African American Religions Paper

African American Religions Paper - Essay #4 Ryan Neale Dr....

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Essay #4 Ryan Neale Dr. Murrell African American Religions Black Liberation Theology can be defined as the relationship that blacks have with god in their struggle to end oppression. It sees god as a god of history and the liberator of the oppressed from bondage. Black Liberation theology views God and Christianity as a gospel relevant to blacks who struggle daily under the oppression of whites. Because of slavery, blacks’ concept of God was totally different from the masters who enslaved them. White Christians saw god as more of a spiritual savior, the reflection of God for blacks came in the struggle for freedom by blacks. Although the term black liberation theology is a fairly new, becoming popular in the early 1960’s with Black Theology and Black Power, a book written by James H. Cone, its ideas are pretty old, which can be clearly seen in spirituals sang by Africans during the time of slavery nearly 400 years ago. It was through these hymns that black liberation spawned. Although Cone is given credit for “the discovery of black liberation theology,” it’s beliefs can quite clearly be seen in the efforts of men like preacher Nat Turner and his rebellion of slavery in mid 1800’s or Marcus Garvey, one of the first men to “see god through black spectacles” in the early 1900’s. More recently black theology emerged as a formal discipline. Beginning with the "black power" movement in 1966, black clergy in many major denominations began to reassess the relationship of the Christian church to the black community. Black caucuses developed in the Catholic, Presbyterian, and Episcopal churches. "The central thrust of these new groups was to redefine the meaning and role of the church and religion in the lives of black people. Out of this reexamination has come what some have called Black Theology. Although closely related and often confused with black power, the two differ in concepts. While black power focuses on the political, social, and economic condition of black people, Black Theology sees black identity from a theological context. Much of black liberation theology’s foundation comes from God's deliverance of Israel from oppression under the Egyptians. According to James Cone, “the consistent theme in Israelite prophecy is Yahweh's concern for "the lack of social, economic, and political justice for those who are poor and unwanted in the society." The dominate view of Black Liberation theologians is “God in action, delivering the oppressed because of His righteousness. He is to be seen, not in the transcendent way of Greek philosophy, but immanent, among His people." God is "immanent” because he is present in many historical moments that focus on liberation of the poor. Its derives it beliefs from the fact that in the bible, God often enters human affairs and takes the side of the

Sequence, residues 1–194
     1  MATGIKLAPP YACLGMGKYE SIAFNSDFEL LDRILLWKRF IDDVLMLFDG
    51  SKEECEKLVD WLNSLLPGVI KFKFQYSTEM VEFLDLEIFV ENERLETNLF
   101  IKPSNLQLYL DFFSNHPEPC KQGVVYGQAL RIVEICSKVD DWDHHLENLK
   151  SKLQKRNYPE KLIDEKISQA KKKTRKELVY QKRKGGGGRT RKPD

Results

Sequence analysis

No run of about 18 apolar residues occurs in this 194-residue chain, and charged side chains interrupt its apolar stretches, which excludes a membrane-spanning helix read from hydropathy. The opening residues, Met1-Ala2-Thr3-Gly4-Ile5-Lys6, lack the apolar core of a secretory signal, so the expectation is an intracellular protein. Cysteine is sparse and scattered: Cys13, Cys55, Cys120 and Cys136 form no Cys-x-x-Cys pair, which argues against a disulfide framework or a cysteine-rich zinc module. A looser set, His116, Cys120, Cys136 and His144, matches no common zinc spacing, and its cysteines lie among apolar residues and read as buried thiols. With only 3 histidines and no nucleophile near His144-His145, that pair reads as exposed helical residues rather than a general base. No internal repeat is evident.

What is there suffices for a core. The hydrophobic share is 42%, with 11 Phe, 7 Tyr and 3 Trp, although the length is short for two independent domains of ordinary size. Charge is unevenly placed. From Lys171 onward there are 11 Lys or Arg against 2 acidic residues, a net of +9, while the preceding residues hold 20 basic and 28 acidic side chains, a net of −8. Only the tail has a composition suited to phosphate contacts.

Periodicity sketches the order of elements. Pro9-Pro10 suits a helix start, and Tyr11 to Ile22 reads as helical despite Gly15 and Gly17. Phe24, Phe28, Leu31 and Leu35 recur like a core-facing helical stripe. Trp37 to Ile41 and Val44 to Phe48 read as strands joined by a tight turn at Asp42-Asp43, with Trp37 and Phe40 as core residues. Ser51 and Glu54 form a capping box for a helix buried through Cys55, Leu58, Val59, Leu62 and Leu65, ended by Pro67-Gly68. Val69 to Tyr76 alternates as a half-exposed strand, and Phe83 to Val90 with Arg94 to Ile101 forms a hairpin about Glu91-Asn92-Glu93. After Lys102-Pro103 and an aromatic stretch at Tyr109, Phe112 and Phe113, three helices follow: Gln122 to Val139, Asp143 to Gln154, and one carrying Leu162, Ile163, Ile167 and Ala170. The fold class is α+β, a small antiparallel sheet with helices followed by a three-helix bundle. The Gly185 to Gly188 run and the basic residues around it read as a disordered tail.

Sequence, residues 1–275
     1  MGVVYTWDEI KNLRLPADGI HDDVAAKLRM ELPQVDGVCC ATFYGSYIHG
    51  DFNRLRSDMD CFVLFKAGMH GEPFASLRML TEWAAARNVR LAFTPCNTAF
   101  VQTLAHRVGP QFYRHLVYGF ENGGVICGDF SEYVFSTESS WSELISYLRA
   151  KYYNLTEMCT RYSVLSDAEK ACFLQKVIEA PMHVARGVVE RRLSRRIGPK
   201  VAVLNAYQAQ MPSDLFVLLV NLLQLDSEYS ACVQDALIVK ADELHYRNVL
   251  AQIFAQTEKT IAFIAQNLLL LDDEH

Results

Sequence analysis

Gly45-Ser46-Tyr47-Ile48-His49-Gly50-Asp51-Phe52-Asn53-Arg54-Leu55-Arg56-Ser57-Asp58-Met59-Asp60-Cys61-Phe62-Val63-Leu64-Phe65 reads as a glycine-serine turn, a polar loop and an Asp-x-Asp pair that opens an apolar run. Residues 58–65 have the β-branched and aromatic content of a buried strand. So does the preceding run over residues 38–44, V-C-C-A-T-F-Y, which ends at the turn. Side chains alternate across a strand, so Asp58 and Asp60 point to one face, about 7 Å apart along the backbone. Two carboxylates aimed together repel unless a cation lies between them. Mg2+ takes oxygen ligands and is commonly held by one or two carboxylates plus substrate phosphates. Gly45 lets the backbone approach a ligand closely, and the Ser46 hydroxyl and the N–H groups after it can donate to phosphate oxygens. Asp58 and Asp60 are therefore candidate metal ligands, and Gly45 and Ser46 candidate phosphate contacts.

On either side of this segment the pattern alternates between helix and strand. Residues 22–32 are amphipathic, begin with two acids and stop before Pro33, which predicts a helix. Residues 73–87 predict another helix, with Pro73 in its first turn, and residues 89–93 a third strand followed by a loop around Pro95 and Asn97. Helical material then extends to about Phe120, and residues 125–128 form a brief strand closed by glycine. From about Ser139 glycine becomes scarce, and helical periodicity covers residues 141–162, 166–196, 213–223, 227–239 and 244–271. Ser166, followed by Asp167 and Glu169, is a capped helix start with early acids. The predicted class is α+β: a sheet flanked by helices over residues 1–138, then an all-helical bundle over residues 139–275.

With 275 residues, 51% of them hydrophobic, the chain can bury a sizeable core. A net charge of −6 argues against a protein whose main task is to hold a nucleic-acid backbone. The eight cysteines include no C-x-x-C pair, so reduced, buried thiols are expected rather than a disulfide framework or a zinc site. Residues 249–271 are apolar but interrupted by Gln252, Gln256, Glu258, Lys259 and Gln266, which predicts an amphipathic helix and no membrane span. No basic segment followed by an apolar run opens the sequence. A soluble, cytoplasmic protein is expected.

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This note was uploaded on 04/30/2008 for the course PAR 377 taught by Professor Murrell during the Spring '08 term at University of North Carolina Wilmington.

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African American Religions Paper - Essay #4 Ryan Neale Dr....

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